Depending on your specific needs, the number and frequency of sessions varies with each individual and the nature of each situation.  Therapy can be short-term, for a specific issue, or longer-term, to deal with more difficult patterns or achieve your desire for more personal development.  Either way, it is most common to schedule regular sessions with your therapist which can be weekly, bi-weekly, or monthly as needed or desired. 
What is the difference between a Psychotherapist, Psychiatrist, and Psychologist?

It can be confusing to know the difference between these titles.  The term "psyche" means "soul" which includes our thoughts, emotions, passions, decision making, and the unique qualities of our personality.

Psychotherapy is therefore therapy for the "psyche" or "soul"  while Psychology is the science of the psyche or soul, derived from “-logy” which means “science” or “theory.”  Psychotherapists and some Psychologists are specifically trained to use talk therapy (often called counselling),  a technique which is proven through years of practice to help people live healthier and more satisfying lives.

The suffix “-iatry” means “medical treatment,” so psychiatry is the medical treatment of the psyche or soul.  When a person may benefit from or require medication to manage a mental health condition, they will often be referred by their family doctor to a psychiatrist to discuss and manage the medical treatment of their condition.  Because a psychiatrist is also a medical doctor, he or she can prescribe medications, while psychologists and psyschotherapists cannot.

In our health care system, most counselling and talk therapy is done by psychotherapists (and some psychologists and social workers), while psychiatrists generally focus on managing the medications used in treating some mental health conditions.

What about medication vs. psychotherapy?

It is well established that the long-term solution to many mental and emotional health problems (like depression and anxiety) and the pain they cause are rarely solved solely by medication. Often, you can best achieve sustainable growth and a greater sense of well-being with an integrative approach to wellness that includes counselling.  Instead of just treating the symptom, psychotherapy often addresses the cause of our distress and the behavior patterns that curb our progress.  Working with your medical doctor you can determine what's best for you, whether counselling, medication, or in some cases a combination of medication and psychotherapy.

Do you take insurance, and how does that work?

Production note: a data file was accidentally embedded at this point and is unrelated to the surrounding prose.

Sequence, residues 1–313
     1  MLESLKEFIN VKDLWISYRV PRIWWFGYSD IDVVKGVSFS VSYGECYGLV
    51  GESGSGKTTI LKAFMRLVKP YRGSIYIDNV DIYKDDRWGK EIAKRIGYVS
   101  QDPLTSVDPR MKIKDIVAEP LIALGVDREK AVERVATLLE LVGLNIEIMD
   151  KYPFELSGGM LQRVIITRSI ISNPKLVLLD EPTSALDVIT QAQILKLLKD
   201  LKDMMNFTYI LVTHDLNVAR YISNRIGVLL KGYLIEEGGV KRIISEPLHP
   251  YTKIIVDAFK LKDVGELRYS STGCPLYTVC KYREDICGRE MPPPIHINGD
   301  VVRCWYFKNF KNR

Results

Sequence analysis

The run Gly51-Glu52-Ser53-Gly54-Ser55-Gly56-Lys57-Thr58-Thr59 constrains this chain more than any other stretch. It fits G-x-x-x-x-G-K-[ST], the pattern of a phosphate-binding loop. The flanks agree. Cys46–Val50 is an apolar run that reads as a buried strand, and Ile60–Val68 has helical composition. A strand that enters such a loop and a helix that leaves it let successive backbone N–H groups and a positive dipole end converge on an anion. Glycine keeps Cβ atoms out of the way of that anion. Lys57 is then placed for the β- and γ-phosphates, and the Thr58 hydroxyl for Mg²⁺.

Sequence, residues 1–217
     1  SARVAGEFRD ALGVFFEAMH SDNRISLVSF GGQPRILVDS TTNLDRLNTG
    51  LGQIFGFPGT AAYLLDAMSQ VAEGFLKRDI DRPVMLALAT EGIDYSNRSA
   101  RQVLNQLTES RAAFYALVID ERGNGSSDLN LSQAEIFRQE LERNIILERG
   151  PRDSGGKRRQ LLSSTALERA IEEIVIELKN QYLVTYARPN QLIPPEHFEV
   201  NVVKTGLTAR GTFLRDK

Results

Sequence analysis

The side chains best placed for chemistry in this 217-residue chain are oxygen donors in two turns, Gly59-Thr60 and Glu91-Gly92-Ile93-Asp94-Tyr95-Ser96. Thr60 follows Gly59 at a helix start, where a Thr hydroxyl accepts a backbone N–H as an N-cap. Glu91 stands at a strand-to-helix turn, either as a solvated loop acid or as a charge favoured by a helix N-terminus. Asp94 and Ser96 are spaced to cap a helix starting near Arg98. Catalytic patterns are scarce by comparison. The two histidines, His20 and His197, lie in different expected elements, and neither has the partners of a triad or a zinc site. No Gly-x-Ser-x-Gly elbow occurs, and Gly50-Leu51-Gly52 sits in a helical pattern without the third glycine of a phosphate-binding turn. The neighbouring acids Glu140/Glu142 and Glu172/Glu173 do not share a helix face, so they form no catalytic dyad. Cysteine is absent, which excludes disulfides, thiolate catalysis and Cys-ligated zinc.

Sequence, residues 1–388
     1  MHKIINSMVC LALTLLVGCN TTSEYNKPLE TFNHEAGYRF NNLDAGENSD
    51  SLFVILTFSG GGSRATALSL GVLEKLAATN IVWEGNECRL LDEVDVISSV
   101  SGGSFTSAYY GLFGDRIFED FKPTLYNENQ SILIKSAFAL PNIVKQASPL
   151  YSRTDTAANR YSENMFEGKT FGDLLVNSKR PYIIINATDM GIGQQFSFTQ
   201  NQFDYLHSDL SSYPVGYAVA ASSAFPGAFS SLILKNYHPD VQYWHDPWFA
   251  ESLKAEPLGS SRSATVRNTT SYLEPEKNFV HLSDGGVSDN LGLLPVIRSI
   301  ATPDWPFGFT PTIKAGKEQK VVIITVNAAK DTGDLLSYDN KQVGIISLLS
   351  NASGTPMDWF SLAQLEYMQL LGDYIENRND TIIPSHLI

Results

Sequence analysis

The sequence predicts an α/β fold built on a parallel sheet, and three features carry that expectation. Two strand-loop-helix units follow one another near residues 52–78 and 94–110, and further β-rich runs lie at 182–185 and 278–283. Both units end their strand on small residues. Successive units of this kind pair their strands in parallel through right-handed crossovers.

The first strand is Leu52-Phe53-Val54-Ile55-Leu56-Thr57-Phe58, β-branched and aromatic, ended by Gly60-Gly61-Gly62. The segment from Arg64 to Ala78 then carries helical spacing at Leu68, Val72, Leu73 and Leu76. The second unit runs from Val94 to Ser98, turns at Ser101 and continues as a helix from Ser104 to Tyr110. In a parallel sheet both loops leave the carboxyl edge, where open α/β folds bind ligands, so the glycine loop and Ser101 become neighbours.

To determine if you have mental health coverage through your insurance carrier, the first thing you should do is call them. Check your coverage carefully and make sure you understand their answers.  Some helpful questions you can ask them are:

  • What are my mental health benefits?
  • Does my policy cover services by a Registered Psychotherapist in Ontario?
  • What is the coverage amount per therapy session?
  • How many therapy sessions does my plan cover?
  • How much does my insurance pay for an out-of-network provider?
  • Is approval required from my primary care physician? 

Does what we talk about in therapy remain confidential?
Confidentiality is one of the most important components between a client and psychotherapist. Successful therapy requires a high degree of trust with highly sensitive subject matter that is usually not discussed anywhere but the therapist's office.   Every therapist should provide a written copy of their confidential disclosure agreement, and you can expect that what you discuss in session will not be shared with anyone.  This is called “Informed Consent”.  Sometimes, however, you may want your therapist to share information or give an update to someone on your healthcare team (i.e./ Physician, Attorney), but by law your therapist cannot release this information without obtaining your written permission.
Provincial law and professional ethics require therapists to take action in the following situations, which may affect confidentiality:
* Suspected abuse or neglect of children, based on information provided by the client or collateral sources.
* If the therapist has reason to suspect the client is seriously in danger of harming him/herself or has threated to harm another person.
* Complying with a subpoena issued by a court of law.